Mars Ice Challenge aims to devise innovative ways to drill for water on the Red Planet. Image: NASA Langley Advanced Concepts Lab/Analytical Mechanics Associates

NASA’s Mars Ice
Challenge Heats Up

Aug 24, 2018

by Eric Butterman ASME.org

So you want to go to Mars? So does NASA, but they could use some help, and recently, they received it in the form of the 10 student teams that signed up to compete in NASA’s Mars Ice Challenge.

With the surface of Mars largely covered in ice, it is clear that drilling through that ice will be a major challenge for future colonists, astronauts, and others if they want to obtain water for all of its obvious benefits. Accordingly, the competition consisted of teams competing at simulated Martian ice stations set up in Langley’s research aircraft hangar. Layers of material and solid blocks of ice made up each station, and students were asked to design and build their own equipment in order to drill.

“It’s a year-long process but if you’re one of the universities picked, it’s two water extraction days in competition and a paper and a poster also make up your score,” says Ben Zinser, who had just finished his sophomore year as a mechanical engineering major when he competed with first-place winner Northeastern University. “They’re trying to simulate a situation where there is about half of a meter of ice to get through that’s overburdened with a mixture of clay, silt, and sand, and underneath is ice.”

Northeastern engineering students, winners of NASA’s 2018 Mars Ice Challenge, with professor Taskin Padir (left). Image: NASA Langley / David C. Bowman

Throughout the year, students write a series of proposals and explain their designs as part of the overall process, says Zinser. “We used SolidWorks to help with the first part,” he says. “As you progress, you would later get $5,000 to begin building your system, later you write a mid-point paper on progress, and then $5,000 more comes later.”

In the end, the pool of applicants was whittled down tenteams for the June 5-7 final competition held at the Langley Research Center in Hampton, VA.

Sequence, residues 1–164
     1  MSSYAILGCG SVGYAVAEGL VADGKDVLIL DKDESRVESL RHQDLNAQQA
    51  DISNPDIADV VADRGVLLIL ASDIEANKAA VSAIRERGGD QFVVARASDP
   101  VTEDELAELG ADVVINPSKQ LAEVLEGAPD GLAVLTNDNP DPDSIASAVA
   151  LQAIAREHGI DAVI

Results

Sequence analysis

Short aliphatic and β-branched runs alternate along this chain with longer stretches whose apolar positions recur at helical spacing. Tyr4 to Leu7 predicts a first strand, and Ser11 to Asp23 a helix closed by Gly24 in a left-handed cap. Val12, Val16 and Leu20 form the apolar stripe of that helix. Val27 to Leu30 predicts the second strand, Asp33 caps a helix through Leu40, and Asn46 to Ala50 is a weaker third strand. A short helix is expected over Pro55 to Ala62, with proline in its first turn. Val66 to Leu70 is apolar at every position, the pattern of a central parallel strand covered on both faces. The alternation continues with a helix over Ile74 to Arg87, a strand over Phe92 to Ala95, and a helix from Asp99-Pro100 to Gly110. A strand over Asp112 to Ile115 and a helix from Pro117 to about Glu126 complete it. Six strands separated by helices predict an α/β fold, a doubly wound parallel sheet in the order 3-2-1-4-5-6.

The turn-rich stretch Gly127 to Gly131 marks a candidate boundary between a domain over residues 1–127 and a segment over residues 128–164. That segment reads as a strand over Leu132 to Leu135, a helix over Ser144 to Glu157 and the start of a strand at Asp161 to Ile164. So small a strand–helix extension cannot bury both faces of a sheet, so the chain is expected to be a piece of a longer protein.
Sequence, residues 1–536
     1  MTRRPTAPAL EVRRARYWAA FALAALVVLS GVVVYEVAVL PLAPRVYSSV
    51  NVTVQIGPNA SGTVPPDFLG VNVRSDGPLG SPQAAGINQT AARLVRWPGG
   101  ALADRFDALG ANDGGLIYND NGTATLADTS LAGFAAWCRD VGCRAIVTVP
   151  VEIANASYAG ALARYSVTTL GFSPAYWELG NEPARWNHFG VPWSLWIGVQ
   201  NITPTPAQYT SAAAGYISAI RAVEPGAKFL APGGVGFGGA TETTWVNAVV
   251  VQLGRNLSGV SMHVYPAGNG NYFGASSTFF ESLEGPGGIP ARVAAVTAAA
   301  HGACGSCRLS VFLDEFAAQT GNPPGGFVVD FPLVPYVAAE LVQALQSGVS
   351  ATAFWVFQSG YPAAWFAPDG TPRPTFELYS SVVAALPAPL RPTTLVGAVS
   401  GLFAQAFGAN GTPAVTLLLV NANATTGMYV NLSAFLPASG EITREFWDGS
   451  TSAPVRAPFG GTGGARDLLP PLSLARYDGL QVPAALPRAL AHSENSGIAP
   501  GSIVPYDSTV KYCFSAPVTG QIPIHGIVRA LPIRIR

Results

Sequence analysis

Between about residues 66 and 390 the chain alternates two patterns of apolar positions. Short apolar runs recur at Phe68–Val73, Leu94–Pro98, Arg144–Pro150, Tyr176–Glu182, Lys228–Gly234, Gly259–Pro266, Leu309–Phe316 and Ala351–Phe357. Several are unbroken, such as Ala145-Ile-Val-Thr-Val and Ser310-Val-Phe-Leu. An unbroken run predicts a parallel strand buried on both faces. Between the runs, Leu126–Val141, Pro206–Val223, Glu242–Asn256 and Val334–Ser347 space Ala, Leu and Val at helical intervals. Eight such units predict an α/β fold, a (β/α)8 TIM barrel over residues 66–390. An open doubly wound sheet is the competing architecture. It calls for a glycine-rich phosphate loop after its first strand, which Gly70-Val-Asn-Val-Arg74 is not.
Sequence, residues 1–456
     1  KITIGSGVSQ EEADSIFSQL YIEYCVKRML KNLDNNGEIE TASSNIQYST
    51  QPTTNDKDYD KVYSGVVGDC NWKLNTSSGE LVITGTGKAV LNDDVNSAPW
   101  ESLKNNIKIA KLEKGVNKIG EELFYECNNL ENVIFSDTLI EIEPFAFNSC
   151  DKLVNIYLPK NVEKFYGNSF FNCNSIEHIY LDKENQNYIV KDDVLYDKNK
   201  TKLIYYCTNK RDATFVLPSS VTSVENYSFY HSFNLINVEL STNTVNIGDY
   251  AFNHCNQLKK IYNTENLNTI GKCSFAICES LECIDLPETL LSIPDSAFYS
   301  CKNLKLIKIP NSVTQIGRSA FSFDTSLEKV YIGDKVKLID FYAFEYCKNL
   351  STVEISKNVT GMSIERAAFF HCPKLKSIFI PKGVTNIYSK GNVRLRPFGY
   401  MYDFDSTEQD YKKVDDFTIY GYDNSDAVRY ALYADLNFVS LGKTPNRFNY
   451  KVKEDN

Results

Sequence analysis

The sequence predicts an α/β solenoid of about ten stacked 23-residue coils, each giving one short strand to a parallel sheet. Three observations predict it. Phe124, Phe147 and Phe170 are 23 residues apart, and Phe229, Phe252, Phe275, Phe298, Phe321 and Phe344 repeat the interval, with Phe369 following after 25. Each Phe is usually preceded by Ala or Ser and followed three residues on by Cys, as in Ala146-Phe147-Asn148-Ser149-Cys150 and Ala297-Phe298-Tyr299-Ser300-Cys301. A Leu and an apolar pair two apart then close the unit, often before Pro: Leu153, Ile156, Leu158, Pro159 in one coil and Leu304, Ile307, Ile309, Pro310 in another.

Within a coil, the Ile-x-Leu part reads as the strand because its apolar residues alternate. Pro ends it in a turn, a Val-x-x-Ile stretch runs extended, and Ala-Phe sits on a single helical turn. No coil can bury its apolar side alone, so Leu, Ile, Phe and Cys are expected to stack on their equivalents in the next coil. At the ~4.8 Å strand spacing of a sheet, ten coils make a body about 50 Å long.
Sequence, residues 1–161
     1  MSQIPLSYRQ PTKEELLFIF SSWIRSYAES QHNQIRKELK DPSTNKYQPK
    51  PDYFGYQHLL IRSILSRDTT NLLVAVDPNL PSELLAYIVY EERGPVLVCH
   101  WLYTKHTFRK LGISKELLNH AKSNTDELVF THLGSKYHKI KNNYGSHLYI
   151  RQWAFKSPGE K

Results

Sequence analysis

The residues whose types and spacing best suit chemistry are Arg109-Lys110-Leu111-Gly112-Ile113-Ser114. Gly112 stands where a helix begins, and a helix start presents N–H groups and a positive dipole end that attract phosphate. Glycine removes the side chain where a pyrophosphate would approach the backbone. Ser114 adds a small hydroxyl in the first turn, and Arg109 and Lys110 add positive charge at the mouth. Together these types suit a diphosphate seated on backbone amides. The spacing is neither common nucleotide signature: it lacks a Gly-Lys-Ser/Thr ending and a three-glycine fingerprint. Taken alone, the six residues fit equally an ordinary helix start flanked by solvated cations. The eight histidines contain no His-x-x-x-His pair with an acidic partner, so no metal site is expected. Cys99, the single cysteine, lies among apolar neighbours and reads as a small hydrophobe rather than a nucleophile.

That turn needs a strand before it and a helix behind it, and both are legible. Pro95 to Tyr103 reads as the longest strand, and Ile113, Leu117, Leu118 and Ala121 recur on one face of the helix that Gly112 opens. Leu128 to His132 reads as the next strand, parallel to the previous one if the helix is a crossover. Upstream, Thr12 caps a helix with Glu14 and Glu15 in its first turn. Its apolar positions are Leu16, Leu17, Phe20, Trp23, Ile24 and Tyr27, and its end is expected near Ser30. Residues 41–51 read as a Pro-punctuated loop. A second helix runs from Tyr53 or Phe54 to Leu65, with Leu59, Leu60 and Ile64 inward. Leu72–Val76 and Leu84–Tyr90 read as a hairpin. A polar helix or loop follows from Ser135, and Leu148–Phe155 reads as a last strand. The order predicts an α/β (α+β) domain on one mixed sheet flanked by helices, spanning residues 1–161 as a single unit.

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Zinser’s team definitely felt the heat as the competition neared but had the benefit of a summer term to do significant test runs. “We used concrete cylinders and filled a bag with water. [We put] chunks of cylinders with a sack of dirt above it, trying to simulate the best we could what the competition would be like,” he says.

Arriving at Langley Research Center, Zinser says you quickly realize this isn’t really about where you finish or place and more about a community of engineers that have a common goal. “All these teams have been at it all year,” he says. “You’re excited that you’ll get to talk with them and learn what they did and you’re around all these people who have this [same] interest.”

The most suspenseful part of the competition for the Northeastern team was the water extraction segment of the competition. Their strategy employed a two-tool system. “One [tool] was an augur that drilled through the dirt and then we would insert an extractor through the hole which was essentially a tube,” he says. “At the tip of the tube was aluminum and we put resistors in. Getting very hot, they melted the ice at the bottom of the hole and we ultimately saw water get to the surface.”

In the end they were successful but there were many anxious moments along the way. “You have to remember that our team tried to be one of the final teams picked last year and we didn’t even make it,” he says. “We waited, waited. And then came a single drop of water, Just a single drop at first. But, when we saw it, we let out a cheer. That single drop was one of the best moments I’ve ever been a part of.”

They would end up with 1,370 milliliters of water extracted the first day, Zinser says, the most of any team, and 1,839 milliliters the second day, when the competition dictated they use remote control, he says. The team’s scores for their paper and poster were also tops, enough to make them this year’s champions, an honor that was very gratifying.

But another reward was to come.

“After the competition, NASA had all the teams in a big lecture hall for a discussion and you just get a great feeling from the bond you have with the other students trying to do something that no else has done,” he says. “No one has been to Mars and NASA genuinely is looking for your ideas, not just to have a competition for schools. They’re taking you seriously and all the teams took each other seriously. You just felt something special being in that hall.”

Eric Butterman is independent writer.

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No one has been to Mars and NASA genuinely is looking for your ideas, not just to have a competition for schools. Ben Zinser, Northeastern University

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